Formal or informal project management?

Many of my conversations with people who are trying to break into a project management role often start with the question, “so why do you want to get into project management?”. The majority of the answers are initially quite woolly. It’s usually something like, “I enjoy working with a team to get something done” or “I’m a great organiser” or “I’ve had a taste for it since managing a small project at work“.

When I then go on to ask, “Why would someone employ you to manage their projects?” suddenly the conversation has turned just that little bit more serious. Being a great organiser, or getting enjoyment out of working on a one-off project is just not enough. The reality is no-one in their right-mind would employ you as a project manager based on some whimsical romantic notion you’ve got about taking some basic work competencies and suddenly becoming a fully fledged “project manager”.

The interesting things about this is that almost everyone in the world is a project manager – and that statement is based on the fact that at some point we all apply some “informal” project management in our everyday lives. That could be decorating a room, planning a wedding or booking next year’s holiday. We all use informal project management steps like taking an idea and putting some concrete plans to it. We purchase resources or allocate work to others. We keep an eye on what we’re spending and we’ll consider the risks of it not working out.

To make a career change into project management, you’ve got to think about how you will change your informal experiences and skills into more formal skills – the kind where people are willing to pay or employ you for them.  The first step for many is taking a PRINCE2 course – which is perfectly fine if you are taking the course to understand more about a formal project management method. With no prior experience in formal project management, the PRINCE2 qualification will NOT magically open doors for you. It just means you understand more about a formal project management method.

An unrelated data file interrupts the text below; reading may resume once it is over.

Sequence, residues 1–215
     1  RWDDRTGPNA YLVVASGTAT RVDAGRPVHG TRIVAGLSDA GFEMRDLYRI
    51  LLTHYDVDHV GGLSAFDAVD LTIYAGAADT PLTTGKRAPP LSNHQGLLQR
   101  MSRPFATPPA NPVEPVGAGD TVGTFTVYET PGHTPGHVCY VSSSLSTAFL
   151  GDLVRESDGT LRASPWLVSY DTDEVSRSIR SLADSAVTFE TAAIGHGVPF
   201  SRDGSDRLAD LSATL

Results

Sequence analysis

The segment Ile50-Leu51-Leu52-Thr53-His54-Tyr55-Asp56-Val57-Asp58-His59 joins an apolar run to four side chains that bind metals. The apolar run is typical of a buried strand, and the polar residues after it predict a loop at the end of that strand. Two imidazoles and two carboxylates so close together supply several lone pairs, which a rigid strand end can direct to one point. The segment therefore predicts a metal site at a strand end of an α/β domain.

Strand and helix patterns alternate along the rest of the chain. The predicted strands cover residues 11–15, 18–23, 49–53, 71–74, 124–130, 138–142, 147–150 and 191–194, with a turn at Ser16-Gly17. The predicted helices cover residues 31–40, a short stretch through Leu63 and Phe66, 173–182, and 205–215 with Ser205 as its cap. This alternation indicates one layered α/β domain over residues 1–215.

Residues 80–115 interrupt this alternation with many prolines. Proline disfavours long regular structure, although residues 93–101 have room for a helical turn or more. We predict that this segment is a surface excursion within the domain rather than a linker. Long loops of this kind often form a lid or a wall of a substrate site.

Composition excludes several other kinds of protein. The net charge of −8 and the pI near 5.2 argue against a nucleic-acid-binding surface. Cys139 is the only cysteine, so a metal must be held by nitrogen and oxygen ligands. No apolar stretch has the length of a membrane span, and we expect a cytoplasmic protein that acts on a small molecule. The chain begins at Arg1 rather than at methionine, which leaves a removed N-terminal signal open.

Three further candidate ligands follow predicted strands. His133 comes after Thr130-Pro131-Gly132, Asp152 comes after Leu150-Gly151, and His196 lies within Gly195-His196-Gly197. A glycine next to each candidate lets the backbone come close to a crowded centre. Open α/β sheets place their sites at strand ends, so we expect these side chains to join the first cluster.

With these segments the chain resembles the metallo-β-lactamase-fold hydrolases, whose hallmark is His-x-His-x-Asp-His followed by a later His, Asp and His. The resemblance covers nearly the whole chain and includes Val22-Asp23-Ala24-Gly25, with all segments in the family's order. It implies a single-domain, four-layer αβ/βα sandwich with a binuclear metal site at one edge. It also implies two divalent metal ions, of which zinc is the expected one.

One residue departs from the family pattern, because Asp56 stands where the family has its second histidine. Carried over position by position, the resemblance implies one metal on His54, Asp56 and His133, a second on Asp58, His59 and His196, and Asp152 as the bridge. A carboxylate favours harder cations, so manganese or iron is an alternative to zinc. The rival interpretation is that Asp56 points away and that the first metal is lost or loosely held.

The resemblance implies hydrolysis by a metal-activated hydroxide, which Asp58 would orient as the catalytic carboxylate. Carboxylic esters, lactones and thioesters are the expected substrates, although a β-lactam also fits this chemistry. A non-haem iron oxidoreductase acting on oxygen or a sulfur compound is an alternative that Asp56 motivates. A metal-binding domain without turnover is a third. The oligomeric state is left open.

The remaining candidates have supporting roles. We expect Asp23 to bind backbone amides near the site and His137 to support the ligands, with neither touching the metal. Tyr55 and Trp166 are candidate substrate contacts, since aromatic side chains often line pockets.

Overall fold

You still need to understand more about formal project management – that’s the nuts and bolts of project management, the tools and techniques like creating a schedule; allocating resources; budgeting and risk management etc. This is about taking the experiences and understanding you have in informal project management and starting the journey to a more formal project management way of working.

And that’s the key of informal to formal project management – it’s a journey. It won’t happen overnight. There are no courses in the world that can make that happen because the true journey to formal project management happens when you experience it – on the job, in a practical way.

Now I can almost hear the question you’ll have – how on earth do I start that journey if I don’t have any formal project management experience? Well, the answer is different for everyone, because different people have different careers to date and different motivators for making a career change. If you want to understand more about your own personal circumstances and what you should be doing, invest in a careers clinic.


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